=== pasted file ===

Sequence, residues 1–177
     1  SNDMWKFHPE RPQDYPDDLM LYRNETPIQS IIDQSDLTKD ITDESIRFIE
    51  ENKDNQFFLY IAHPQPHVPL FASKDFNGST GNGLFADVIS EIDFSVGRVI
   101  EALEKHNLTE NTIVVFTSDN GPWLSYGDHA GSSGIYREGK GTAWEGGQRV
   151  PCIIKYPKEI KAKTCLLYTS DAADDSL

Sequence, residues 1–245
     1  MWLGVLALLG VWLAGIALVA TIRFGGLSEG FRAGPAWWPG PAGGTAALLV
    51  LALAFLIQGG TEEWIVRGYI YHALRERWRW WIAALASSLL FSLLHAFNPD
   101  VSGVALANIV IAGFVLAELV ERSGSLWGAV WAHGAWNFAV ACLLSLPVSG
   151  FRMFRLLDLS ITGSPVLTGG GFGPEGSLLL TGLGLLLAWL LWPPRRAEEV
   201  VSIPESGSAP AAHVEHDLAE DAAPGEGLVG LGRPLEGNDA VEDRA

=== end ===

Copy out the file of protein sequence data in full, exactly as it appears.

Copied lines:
Sequence, residues 1–177
     1  SNDMWKFHPE RPQDYPDDLM LYRNETPIQS IIDQSDLTKD ITDESIRFIE
    51  ENKDNQFFLY IAHPQPHVPL FASKDFNGST GNGLFADVIS EIDFSVGRVI
   101  EALEKHNLTE NTIVVFTSDN GPWLSYGDHA GSSGIYREGK GTAWEGGQRV
   151  PCIIKYPKEI KAKTCLLYTS DAADDSL

Sequence, residues 1–245
     1  MWLGVLALLG VWLAGIALVA TIRFGGLSEG FRAGPAWWPG PAGGTAALLV
    51  LALAFLIQGG TEEWIVRGYI YHALRERWRW WIAALASSLL FSLLHAFNPD
   101  VSGVALANIV IAGFVLAELV ERSGSLWGAV WAHGAWNFAV ACLLSLPVSG
   151  FRMFRLLDLS ITGSPVLTGG GFGPEGSLLL TGLGLLLAWL LWPPRRAEEV
   201  VSIPESGSAP AAHVEHDLAE DAAPGEGLVG LGRPLEGNDA VEDRA